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Gm family 1 engine

The meaning of «gm family 1 engine»

The Family 1 is a straight-four piston engine that was developed by Opel, a former subsidiary of General Motors and now a subsidiary of PSA Group, to replace the Opel cam-in-head engines for use on mid-range cars from Opel/Vauxhall. Originally produced at the Aspern engine plant, production was moved to the Szentgotthard engine plant in Hungary[2] with the introduction of the DOHC version. GM do Brasil at São José dos Campos,[3] GMDAT at Bupyeong and GM North America at Toluca also build these engines.

The Family 1 engines are inline-four cylinder engines with belt-driven single or double overhead camshafts in an aluminum cylinder head with a cast iron engine block. GM do Brasil versions were also capable of running on ethanol. These engines are sometimes referred to as "Small-block" engines by enthusiasts; in contrast to the larger Family II engines which are sometimes referred to as the "Big-block" engines.

GM do Brasil specializes in SOHC, petrol-powered and FlexPower (powered with ethanol and/or petrol, mixed in any percentage) engines. GM Brasil also made 16-valve versions of the 1.0 engine. The 1.0 L 16v was available in the Corsa line-up from 1999 to 2001.

The 999 cc (61.0 cu in) version has a 71.1 mm (2.80 in) bore and a 62.9 mm (2.48 in) stroke.

The 1,195 cubic centimetres (72.9 cu in) version was used in the Opel Corsa.[4]

The 1,297 cc (79.1 cu in) version has a 75.0 mm (2.95 in) bore and a 73.4 mm (2.89 in) stroke.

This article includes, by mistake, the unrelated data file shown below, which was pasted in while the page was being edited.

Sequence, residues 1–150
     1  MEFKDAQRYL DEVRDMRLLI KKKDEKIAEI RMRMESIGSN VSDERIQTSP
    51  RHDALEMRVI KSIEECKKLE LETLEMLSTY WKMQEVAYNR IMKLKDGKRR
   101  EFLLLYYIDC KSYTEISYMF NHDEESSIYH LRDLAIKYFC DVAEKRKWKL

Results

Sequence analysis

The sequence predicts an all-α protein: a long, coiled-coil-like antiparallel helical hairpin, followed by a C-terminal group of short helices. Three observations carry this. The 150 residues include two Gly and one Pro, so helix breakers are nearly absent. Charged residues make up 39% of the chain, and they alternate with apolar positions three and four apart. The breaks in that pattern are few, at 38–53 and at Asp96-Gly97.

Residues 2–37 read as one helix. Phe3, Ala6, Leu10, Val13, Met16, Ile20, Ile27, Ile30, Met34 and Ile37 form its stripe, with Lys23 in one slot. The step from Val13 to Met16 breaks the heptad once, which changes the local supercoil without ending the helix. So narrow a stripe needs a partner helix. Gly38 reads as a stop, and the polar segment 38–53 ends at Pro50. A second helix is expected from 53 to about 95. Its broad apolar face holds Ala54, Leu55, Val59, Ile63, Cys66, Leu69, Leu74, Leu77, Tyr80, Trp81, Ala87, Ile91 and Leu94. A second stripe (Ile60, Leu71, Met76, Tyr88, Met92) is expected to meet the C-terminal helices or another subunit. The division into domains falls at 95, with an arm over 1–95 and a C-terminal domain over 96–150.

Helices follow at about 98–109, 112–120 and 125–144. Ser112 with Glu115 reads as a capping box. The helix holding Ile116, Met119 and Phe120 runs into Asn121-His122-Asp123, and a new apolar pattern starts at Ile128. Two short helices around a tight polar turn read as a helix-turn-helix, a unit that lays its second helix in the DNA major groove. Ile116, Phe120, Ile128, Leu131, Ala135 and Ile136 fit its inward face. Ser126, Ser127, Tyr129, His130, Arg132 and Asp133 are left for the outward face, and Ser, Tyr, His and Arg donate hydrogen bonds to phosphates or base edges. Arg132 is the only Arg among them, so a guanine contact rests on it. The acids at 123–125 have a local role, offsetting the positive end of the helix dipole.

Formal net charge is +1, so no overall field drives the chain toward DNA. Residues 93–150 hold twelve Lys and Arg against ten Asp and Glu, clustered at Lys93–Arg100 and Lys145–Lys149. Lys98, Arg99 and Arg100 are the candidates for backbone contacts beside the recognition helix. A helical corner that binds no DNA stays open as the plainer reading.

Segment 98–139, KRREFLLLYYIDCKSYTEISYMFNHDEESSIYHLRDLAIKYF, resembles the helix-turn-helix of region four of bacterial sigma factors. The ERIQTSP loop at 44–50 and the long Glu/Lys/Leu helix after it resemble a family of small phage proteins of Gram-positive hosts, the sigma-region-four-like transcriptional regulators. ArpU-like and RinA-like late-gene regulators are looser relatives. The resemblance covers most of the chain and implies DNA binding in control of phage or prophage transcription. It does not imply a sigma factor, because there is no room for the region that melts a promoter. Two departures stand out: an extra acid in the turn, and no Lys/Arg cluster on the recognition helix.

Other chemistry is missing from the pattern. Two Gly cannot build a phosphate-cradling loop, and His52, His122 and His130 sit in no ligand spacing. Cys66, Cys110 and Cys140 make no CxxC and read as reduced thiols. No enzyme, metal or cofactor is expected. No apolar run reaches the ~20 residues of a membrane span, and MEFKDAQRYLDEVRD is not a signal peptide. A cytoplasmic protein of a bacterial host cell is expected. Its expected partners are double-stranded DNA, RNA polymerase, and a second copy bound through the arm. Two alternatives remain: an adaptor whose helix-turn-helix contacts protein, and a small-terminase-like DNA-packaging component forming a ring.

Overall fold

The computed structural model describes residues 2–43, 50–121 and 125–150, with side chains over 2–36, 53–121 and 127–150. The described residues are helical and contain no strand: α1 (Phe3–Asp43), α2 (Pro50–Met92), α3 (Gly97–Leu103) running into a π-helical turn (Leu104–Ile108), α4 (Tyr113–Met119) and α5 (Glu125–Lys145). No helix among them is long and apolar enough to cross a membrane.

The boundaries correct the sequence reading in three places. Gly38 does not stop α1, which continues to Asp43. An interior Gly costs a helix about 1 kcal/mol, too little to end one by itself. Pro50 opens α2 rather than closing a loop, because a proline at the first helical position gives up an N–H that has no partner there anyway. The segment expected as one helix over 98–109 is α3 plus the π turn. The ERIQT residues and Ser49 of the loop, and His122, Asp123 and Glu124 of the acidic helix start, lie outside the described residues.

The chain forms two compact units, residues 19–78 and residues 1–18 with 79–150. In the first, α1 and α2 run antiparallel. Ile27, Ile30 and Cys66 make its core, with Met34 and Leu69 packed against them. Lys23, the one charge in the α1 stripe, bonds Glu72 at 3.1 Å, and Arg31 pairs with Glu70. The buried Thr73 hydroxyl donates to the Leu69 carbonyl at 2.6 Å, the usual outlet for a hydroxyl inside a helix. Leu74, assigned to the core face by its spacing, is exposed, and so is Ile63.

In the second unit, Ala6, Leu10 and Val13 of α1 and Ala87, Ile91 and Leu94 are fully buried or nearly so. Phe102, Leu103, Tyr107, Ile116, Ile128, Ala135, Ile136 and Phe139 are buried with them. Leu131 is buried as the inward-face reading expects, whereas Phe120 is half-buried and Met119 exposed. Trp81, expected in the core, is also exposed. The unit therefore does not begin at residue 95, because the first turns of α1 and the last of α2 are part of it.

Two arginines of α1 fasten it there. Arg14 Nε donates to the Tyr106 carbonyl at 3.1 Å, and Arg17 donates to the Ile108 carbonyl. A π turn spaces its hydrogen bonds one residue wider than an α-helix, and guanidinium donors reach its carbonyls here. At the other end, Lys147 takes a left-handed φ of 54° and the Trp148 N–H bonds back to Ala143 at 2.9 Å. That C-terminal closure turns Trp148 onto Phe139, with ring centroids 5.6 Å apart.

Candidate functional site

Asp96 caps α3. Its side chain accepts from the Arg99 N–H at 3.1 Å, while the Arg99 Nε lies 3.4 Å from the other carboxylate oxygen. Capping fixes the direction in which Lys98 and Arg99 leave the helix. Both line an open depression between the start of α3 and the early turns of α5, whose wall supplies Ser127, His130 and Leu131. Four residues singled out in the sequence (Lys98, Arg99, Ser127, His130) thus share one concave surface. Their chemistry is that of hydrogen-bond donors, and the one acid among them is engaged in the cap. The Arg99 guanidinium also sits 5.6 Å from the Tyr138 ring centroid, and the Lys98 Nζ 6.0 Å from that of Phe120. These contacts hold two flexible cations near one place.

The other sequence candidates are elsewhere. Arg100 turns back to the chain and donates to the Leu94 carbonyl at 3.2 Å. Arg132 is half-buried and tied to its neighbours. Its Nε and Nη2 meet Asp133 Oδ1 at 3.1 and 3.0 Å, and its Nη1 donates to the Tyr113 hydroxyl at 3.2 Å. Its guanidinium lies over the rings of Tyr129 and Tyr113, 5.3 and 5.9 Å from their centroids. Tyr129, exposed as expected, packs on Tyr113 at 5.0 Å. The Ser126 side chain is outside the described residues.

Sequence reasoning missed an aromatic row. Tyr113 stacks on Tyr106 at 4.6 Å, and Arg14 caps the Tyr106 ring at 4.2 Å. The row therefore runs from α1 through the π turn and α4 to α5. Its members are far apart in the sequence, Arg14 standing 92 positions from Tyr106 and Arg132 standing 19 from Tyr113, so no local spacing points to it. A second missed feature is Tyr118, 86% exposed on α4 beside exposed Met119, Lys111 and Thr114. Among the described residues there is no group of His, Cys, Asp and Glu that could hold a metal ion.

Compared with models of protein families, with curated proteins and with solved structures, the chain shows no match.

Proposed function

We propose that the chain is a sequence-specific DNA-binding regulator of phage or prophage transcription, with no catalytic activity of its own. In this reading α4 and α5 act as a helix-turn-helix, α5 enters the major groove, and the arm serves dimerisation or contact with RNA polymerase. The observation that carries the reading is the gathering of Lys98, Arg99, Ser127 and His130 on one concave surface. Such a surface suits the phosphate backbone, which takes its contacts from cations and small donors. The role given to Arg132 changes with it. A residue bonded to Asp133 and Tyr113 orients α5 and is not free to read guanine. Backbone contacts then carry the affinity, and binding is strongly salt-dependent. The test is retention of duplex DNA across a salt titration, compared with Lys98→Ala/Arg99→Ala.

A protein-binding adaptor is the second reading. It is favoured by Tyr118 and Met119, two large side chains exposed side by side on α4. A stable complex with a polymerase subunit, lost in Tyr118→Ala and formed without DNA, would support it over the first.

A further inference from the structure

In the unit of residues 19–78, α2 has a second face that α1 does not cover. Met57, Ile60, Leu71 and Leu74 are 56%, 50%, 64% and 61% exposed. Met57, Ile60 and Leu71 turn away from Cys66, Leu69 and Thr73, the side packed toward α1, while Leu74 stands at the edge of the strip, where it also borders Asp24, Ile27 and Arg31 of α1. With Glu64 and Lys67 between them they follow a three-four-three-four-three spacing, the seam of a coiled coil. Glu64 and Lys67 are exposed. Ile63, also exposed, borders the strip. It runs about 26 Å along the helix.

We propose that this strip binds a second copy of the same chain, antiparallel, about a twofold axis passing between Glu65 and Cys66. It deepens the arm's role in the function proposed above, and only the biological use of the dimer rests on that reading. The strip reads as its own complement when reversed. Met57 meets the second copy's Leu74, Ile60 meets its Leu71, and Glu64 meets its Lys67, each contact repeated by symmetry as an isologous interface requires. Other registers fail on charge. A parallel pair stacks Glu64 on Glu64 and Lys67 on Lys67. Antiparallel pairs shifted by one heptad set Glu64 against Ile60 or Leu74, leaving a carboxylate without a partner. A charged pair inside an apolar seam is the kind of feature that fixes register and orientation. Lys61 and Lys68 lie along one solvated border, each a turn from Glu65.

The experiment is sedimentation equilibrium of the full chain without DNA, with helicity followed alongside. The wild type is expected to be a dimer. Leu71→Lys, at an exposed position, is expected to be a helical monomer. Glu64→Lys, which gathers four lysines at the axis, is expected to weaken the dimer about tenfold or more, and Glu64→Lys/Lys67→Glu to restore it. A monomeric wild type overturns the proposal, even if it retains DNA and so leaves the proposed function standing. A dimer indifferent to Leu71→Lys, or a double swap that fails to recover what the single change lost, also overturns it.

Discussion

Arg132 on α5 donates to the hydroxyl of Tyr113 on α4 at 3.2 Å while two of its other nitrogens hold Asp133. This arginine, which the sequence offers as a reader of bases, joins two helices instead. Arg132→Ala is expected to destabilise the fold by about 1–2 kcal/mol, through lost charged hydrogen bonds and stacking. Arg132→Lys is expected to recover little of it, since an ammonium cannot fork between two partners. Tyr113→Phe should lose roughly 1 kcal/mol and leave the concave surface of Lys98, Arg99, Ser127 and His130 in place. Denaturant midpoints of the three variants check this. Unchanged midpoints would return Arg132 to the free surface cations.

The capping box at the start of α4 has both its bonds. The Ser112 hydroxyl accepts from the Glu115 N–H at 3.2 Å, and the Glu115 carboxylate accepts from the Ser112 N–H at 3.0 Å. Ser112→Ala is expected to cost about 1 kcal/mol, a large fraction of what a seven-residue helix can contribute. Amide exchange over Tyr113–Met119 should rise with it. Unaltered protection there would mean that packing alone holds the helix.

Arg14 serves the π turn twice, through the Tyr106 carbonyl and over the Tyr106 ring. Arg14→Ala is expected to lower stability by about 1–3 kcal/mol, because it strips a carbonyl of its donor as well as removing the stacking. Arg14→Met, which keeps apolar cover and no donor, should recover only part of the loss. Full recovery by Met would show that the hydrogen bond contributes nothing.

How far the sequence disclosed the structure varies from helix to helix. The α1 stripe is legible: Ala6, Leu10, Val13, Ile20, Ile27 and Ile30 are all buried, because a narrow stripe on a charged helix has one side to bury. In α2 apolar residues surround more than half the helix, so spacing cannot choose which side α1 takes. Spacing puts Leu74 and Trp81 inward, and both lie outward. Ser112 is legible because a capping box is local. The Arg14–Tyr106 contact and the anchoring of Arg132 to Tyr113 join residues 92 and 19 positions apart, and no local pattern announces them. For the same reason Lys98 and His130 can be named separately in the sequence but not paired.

The 1,389 cc (84.8 cu in) version has a 77.6 mm (3.06 in) bore and a 73.4 mm (2.89 in) stroke.

The 1,598 cc (97.5 cu in) version has a 79.0 mm (3.11 in) bore and an 81.5 mm (3.21 in) stroke.

The 1,796 cc (109.6 cu in) version has an 80.5 mm (3.17 in) bore and an 88.2 mm (3.47 in) stroke.

The SPE / 4 or (Smart Performance Economy 4 cylinders) engines are an evolution of the Econo.Flex engines that were made in Brazil at the Joinville plant. There are two available displacements: 1.0 L and 1.4 L. They feature an SOHC head with 2-valves per cylinder, and is fed by a multi-point fuel injection system, which allows it to run on either E100 (pure ethanol) or E25 gasoline (standard in Brazil). Major differences between previous engines include reduced friction, lowered weight, individual coil-near-plug ignition, and a new cylinder head design.

This was the first engine in this family, featuring a Lotus-developed 16-valve cylinder head and a cast-iron cylinder block which was essentially the same as in Opel's 8-valve engines. C16XE was available only in Corsa GSi, model years 1993 and 1994. C16XE was not yet badged Ecotec, and for later model Corsas and Opel Tigras it was replaced with X16XE Ecotec engine. The main difference between C16XE and X16XE Ecotec is emission control, C16XE lacks EGR and AIR-system, although the cylinder head is designed to enable these features. Other differences between C16XE and later versions of the engine include intake manifold, C16XE has a plastic upper intake manifold, which was replaced with a cast aluminium manifold, and fuel injection system, C16XE uses Multec fuel injection with MAF sensor and later models used Multec fuel injection with MAP sensor. Also, while C16XE had its own exhaust front section design, for X16XE it was replaced with a front section used also in Opel Astra, probably as a cost-saving measure.

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